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Local efforts to help Haiti continue at schools, parishes

People in the Archdiocese of Omaha are still finding ways to help victims of Haiti's Jan. 12 earthquake.

Third-graders at Mary Our Queen School in Omaha began the Help Haiti Project after a religion class discussion about the great commandment, "love your neighbor as yourself."

With the help of Michaela Cullan, third grade teacher, and Lisa Nelson, principal, students created posters, collection cups and presented announcements over the intercom.

After three days, the class goal of $1,000 was met. After two weeks, the class, along with parishioners, parents and other students, raised $2,039.62 to donate to the American Red Cross.

Instead of a special celebration, the students chose to have a morning Mass to celebrate their success and to "thank God for all we have and offer up prayers to those still struggling in Haiti," Cullan said.

Mary Our Queen Church held a "Jam for the Lamb" benefit concert for Haiti Feb. 27 and raised $1, 145 for Catholic Relief Services.

The concert included performances by Social Contradiction, which is made up of students at Roncalli Catholic and Mount Michael Benedictine high schools; Upper Room, including Roncalli Catholic, Duchesne Academy of the Sacred Heart and homeschooled students; and headliner group Cor Sanctum.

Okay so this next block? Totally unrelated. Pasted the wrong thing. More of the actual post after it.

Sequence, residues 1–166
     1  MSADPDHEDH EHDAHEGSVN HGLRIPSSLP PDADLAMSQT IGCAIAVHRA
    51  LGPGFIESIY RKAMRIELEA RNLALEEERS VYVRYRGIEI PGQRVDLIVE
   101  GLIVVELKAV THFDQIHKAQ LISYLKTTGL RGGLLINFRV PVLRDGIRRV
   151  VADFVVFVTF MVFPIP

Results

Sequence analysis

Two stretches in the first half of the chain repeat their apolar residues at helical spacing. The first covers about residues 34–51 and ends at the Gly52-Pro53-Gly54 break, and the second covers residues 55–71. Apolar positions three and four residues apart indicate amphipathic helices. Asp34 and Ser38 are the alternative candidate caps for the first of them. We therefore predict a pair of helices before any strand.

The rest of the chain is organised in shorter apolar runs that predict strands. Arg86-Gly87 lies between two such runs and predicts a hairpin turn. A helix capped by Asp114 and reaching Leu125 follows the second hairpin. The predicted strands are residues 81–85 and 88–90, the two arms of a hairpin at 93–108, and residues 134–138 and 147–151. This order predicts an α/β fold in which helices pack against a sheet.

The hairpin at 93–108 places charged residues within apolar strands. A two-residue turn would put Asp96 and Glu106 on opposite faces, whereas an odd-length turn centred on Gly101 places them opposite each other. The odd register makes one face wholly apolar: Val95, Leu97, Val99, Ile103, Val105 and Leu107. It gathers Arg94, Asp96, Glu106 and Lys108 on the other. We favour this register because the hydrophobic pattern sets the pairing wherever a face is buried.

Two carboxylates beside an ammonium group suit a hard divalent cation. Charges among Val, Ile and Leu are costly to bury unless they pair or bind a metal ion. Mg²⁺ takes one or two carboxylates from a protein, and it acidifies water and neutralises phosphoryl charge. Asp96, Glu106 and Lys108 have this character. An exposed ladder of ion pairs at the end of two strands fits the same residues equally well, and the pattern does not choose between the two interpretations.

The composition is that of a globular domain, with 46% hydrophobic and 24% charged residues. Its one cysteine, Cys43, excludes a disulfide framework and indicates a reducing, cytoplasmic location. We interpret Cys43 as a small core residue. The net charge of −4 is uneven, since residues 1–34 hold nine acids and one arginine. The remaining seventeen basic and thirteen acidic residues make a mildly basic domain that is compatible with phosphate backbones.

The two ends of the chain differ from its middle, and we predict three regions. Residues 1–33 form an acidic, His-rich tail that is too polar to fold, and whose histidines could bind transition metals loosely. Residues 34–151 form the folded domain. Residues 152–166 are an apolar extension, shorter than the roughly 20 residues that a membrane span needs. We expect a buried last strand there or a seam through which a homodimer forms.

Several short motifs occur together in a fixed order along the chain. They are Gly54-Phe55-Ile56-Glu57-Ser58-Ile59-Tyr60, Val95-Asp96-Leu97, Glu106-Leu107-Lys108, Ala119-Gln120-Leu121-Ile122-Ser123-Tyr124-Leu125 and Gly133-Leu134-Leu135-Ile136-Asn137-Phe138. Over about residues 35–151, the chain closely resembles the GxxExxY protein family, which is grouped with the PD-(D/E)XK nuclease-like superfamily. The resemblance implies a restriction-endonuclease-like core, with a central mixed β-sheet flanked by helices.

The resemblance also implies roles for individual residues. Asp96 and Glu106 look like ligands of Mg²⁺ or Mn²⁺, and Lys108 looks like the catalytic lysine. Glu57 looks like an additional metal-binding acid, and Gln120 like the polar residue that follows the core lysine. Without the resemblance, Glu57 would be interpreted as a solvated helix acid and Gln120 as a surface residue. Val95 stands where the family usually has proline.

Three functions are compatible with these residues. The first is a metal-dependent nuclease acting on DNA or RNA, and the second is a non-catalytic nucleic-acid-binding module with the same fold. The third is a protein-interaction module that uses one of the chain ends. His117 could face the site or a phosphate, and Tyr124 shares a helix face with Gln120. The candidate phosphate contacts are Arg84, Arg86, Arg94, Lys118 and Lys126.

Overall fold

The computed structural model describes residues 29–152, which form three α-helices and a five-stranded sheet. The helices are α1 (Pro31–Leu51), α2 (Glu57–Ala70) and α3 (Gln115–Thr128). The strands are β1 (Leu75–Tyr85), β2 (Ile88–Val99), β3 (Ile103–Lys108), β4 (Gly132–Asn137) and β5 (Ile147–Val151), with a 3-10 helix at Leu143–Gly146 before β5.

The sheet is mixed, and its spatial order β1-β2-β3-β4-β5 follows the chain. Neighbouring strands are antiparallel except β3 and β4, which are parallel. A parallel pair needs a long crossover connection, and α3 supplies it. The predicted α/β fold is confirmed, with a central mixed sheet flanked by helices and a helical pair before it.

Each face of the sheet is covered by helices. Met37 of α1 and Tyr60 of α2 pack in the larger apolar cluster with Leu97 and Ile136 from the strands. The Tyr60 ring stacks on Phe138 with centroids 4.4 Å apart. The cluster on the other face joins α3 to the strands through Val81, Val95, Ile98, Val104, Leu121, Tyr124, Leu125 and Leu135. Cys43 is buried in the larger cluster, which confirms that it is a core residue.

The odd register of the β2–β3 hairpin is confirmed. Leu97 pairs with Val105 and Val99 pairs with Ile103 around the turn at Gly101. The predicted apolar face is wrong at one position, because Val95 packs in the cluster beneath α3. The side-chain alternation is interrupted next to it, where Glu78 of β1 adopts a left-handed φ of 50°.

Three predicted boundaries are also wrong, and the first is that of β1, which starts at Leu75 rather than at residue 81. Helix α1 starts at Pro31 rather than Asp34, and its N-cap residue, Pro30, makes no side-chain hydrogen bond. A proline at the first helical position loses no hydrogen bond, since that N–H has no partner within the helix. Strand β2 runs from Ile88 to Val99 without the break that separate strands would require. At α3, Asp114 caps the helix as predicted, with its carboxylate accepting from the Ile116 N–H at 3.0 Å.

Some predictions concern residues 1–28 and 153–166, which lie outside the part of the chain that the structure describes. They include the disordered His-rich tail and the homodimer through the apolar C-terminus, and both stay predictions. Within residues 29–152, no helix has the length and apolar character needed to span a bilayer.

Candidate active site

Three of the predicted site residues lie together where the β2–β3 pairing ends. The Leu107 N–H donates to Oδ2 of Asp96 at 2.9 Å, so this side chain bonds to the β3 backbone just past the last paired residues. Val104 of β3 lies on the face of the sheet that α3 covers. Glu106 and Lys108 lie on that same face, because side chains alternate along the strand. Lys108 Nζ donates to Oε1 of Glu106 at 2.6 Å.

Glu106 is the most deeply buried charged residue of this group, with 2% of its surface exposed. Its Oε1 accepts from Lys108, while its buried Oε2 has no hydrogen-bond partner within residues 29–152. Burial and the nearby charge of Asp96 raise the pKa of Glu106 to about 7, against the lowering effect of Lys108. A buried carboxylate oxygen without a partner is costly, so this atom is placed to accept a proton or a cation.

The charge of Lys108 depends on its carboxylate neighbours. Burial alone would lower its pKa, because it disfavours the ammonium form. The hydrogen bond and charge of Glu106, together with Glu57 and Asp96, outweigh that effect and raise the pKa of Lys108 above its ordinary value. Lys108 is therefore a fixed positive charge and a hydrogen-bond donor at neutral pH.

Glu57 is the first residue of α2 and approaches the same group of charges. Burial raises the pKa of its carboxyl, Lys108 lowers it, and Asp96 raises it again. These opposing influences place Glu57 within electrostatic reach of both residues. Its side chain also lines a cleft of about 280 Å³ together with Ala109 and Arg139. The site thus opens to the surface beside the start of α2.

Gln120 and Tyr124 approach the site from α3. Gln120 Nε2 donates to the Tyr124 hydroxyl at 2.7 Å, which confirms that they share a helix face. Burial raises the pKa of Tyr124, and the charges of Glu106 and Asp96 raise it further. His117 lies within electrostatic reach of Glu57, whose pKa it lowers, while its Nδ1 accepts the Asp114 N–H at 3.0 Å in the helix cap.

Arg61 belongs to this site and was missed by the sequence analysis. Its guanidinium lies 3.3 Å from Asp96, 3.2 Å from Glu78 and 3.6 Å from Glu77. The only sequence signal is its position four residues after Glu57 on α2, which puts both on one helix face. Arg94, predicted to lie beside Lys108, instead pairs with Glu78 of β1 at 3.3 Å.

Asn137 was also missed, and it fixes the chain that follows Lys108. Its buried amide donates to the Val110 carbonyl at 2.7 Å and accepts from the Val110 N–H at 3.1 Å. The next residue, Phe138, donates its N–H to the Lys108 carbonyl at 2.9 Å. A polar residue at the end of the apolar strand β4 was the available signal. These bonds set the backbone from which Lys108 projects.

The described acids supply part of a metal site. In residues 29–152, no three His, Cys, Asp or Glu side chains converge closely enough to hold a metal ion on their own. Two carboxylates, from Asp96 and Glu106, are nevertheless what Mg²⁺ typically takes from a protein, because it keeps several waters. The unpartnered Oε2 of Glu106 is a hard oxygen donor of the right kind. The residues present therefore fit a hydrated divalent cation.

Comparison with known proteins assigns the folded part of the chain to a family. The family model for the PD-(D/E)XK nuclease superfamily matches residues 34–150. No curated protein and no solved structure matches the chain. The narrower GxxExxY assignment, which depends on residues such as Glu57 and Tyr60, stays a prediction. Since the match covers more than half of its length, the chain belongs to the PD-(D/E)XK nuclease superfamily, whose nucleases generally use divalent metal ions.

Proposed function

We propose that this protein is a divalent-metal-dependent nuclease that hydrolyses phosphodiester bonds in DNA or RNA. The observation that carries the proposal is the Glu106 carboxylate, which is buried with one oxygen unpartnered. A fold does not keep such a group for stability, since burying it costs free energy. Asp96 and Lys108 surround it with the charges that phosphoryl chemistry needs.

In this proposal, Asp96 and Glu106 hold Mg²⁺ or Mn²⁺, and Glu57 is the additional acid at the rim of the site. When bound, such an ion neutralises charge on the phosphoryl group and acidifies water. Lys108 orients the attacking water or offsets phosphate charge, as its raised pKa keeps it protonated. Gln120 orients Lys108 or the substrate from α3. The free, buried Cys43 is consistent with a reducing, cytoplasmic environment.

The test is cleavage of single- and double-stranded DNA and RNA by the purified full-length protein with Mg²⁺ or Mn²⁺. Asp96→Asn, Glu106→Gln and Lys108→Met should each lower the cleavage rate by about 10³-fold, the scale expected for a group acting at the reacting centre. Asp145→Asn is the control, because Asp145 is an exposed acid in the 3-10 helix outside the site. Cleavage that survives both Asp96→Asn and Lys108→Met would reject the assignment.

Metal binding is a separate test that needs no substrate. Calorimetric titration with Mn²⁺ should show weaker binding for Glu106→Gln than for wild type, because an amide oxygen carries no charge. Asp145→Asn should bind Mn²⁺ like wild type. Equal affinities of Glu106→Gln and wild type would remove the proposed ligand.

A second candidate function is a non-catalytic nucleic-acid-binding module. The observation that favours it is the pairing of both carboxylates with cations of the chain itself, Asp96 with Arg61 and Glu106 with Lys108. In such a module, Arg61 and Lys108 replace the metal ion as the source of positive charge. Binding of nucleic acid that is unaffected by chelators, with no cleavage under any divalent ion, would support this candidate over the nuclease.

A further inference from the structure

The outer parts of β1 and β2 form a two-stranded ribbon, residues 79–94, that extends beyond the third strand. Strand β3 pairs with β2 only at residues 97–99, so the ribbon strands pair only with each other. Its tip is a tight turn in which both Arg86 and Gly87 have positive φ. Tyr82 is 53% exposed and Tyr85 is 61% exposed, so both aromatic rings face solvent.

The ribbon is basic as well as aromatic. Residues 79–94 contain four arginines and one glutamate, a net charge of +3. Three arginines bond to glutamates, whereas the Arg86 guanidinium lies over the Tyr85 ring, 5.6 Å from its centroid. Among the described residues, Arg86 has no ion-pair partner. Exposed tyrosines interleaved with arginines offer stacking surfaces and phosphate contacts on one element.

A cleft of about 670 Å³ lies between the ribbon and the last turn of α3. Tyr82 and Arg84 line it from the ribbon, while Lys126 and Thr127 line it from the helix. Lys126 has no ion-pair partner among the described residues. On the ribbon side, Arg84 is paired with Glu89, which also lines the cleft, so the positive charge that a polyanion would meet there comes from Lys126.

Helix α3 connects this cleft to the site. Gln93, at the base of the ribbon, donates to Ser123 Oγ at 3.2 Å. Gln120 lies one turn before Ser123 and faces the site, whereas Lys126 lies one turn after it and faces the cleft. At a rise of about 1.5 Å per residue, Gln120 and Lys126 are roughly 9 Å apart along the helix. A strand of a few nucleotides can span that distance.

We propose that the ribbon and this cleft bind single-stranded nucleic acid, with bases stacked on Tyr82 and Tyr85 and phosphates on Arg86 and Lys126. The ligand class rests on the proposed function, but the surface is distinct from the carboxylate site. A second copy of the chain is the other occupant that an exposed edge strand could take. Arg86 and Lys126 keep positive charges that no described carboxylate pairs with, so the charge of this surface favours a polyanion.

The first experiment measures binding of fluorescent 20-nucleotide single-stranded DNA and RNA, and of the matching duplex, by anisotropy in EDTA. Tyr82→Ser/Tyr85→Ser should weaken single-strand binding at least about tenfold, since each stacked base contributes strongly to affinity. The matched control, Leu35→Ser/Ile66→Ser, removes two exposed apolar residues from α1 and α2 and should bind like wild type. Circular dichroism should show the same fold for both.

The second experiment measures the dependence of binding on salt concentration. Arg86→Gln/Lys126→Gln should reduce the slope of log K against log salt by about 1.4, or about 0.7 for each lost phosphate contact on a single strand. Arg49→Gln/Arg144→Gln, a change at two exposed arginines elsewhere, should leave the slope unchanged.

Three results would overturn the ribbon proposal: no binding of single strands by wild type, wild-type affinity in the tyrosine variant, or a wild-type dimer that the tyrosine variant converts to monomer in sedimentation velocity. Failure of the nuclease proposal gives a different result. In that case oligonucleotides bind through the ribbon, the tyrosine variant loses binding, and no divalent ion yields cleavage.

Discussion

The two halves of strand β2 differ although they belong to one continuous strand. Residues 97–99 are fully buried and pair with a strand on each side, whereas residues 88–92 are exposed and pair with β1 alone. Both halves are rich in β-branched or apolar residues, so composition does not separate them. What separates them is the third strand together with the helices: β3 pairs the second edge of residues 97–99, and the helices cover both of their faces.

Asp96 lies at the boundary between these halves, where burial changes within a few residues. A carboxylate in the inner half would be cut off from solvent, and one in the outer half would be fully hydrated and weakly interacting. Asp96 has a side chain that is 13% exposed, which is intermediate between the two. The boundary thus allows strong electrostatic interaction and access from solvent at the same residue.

Students at Marian High School in Omaha hosted a Feb. 20 dance for all Omaha-area high school students as a Haiti benefit.

Through a $5 admission, plus freewill donations, Marian raised nearly $5,300, which was donated to the Catholic Relief Services.

Guests were encouraged to dress in red and blue in honor of the Haitian flag. Marian also sold Haiti Relief Dance T-shirts for $10, with 80 percent of the shirt profits going to the relief efforts.

The Creighton University community also has been raising funds for Haiti. As of Feb. 25, Creighton University received $220,000 from nearly 200 donors interested in helping fund the university's efforts to provide earthquake relief in Haiti.

"Creighton supporters and the Omaha community have been very generous in their support of the university's efforts to help meet the overwhelming medical needs of the earthquake survivors," said Jesuit Father Andrew Alexander, vice president for university ministry.

Creighton, with the help of community partners Alegent Health, Midwest Surgical Hospital and others, has sent 38 health care professionals to help the Haiti earthquake victims, as well as thousands of pounds of medical supplies.

At College of Saint Mary in Omaha, several events and collections produced more than $1,000 for "Doctors Without Borders" and their work in Haiti.

SEAN (Student Education Association of Nebraska) and occupational therapy students collected donations, Multicultural Association of Students members sold roses at the Queen of Hearts celebration Feb. 20 and the student senate held a chili feed March. 2.

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